Exxon Valdez

Remembering The Exxon Valdez Oil Spill
3:02 pm
Wed March 26, 2014

Exxon Valdez Oil Spill Brings 'Bad Juju' And Pain 25 Years Later

Scott Pegau, a scientist at the Prince William Sound Science Center, studies the effects of spilled oil on the environment in Cordova, Alaska.
Debbie Elliott NPR

Originally published on Wed March 26, 2014 6:54 pm

At Ross Mullins' home in Cordova, Alaska, you have to slam the front door extra hard to make it close. The former commercial fisherman lives in a small wood-frame house that's in need of repair. Some of the windows are cracked and he leaves the water faucets dripping to protect uninsulated pipes from the harsh Alaskan winter.

When the Exxon Valdez oil tanker ran aground and started leaking oil 25 years ago, the disaster drastically changed the fishing industry in Prince William Sound, Alaska. Mullins has never recovered from that blow.

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EarthFix Reports
9:00 am
Mon March 24, 2014

EarthFix Conversation: 25 Years Later, Scientists Remember The Exxon Valdez

Killer whales swimming in Prince William Sound alongside boats skimming oil from the Exxon Valdez oil spill. Scientists report that orca populations there have not recovered and oil is still being found.
Credit Courtesy of State of Alaska/Dan Lawn

Twenty five years ago today the Exxon Valdez, an oil tanker bound for Long Beach, Calif., ran aground in Prince William Sound.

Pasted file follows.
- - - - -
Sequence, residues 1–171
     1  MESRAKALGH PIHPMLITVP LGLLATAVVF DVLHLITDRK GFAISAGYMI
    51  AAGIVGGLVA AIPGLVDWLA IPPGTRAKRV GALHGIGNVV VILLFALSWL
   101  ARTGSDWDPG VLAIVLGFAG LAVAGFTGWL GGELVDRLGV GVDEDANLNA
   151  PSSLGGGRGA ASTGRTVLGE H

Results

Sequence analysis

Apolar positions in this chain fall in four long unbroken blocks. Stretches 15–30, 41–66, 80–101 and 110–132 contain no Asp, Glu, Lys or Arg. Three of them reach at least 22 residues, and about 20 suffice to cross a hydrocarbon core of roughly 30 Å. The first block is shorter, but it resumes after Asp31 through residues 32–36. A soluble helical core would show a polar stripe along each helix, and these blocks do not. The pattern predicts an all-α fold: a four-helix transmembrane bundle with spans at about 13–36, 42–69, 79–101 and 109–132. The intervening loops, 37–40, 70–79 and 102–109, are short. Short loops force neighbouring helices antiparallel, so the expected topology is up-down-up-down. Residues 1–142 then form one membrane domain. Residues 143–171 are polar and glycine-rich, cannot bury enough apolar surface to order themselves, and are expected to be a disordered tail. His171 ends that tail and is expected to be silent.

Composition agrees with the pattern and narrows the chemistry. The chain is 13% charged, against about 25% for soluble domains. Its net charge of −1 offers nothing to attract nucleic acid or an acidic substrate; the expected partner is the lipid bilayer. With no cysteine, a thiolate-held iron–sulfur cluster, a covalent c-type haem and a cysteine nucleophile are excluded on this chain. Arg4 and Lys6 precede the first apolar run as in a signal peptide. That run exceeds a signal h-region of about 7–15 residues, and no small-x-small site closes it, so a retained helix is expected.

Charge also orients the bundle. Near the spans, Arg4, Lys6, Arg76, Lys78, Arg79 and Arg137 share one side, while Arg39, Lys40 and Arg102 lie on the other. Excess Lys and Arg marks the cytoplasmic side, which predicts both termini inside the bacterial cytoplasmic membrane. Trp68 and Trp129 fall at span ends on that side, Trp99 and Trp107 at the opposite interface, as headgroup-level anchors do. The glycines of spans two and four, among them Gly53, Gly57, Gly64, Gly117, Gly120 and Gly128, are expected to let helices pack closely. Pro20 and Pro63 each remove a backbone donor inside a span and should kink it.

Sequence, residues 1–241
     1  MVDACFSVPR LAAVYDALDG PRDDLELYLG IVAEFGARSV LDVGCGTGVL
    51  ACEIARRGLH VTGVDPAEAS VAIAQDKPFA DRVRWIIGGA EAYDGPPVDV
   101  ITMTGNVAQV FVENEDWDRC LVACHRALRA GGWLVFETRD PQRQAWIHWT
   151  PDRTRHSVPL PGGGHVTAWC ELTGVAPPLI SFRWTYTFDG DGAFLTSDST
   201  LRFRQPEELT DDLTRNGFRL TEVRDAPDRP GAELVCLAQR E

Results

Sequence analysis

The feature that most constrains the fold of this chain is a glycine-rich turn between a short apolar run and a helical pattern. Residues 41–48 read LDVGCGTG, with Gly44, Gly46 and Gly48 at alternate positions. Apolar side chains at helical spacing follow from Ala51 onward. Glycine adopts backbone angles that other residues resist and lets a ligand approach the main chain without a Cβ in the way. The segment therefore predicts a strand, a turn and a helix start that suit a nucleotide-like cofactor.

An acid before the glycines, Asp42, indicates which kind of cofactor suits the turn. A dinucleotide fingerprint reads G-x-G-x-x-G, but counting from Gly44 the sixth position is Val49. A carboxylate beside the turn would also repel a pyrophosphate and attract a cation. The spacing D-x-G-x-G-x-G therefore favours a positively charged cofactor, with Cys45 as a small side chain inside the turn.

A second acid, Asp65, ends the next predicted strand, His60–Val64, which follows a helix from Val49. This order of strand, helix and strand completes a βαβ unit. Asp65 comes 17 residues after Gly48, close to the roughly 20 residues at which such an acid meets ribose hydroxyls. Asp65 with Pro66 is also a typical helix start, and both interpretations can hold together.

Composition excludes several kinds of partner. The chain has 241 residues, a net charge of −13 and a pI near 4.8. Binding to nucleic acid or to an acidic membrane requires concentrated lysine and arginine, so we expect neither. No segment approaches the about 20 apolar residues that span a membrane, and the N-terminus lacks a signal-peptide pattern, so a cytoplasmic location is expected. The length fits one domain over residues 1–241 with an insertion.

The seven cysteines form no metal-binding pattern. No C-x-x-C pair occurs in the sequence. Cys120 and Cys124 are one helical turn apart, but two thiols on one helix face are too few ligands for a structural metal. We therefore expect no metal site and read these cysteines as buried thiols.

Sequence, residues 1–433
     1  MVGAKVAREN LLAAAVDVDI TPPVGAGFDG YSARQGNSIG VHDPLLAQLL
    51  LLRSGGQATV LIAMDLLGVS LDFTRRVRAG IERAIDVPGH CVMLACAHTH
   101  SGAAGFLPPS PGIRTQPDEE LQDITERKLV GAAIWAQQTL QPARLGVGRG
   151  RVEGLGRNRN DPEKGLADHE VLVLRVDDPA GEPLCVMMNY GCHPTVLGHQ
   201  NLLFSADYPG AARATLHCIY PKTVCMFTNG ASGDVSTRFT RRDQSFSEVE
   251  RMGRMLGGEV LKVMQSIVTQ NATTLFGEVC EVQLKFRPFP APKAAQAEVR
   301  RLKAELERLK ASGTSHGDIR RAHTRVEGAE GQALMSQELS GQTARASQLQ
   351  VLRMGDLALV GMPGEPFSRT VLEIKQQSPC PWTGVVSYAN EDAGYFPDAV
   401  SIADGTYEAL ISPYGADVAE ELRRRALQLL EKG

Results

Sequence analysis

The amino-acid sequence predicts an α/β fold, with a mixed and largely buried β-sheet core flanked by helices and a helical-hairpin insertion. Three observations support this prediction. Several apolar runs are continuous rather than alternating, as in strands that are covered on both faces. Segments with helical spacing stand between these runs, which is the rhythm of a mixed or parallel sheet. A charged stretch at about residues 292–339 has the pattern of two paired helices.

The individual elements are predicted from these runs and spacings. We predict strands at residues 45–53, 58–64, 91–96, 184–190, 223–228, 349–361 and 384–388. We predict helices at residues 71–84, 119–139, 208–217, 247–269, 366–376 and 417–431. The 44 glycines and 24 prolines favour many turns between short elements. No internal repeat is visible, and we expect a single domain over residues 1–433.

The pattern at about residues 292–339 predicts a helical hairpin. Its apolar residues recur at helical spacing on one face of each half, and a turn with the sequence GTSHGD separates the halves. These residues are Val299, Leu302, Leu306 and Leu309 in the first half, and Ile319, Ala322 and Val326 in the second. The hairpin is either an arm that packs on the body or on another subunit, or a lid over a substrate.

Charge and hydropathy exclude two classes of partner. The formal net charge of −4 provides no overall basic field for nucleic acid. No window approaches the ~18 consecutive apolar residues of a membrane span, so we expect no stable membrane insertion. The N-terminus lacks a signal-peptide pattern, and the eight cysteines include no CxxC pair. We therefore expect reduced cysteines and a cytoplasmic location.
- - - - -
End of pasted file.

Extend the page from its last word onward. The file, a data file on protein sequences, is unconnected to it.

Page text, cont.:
Eleven million gallons of oil spilled out, polluting 1,300 miles of Alaska’s coastline.

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Exxon Valdez
2:07 am
Mon March 24, 2014

25 Years After Spill, Alaska Town Struggles Back From 'Dead Zone'

Orca Inlet, Cordova's fishing harbor, on a blustery day this month. Commercial fishing is the small Alaskan town's primary industry.
Marisa Peñaloza NPR

Originally published on Mon March 24, 2014 9:25 am

On March 24, 1989, the tanker Exxon Valdez struck a reef in Prince William Sound, Alaska, spilling 11 million gallons of crude oil into the pristine water. At the time, it was the single biggest spill in U.S. history. In a series of stories, NPR is examining the lasting social and economic impacts of the disaster, as well as the policy, regulation and scientific research that came out of it.

It's a blustery, snowy March day when Michelle Hahn O'Leary offers a tour of Cordova, Alaska, situated on the eastern shore of Prince William Sound.

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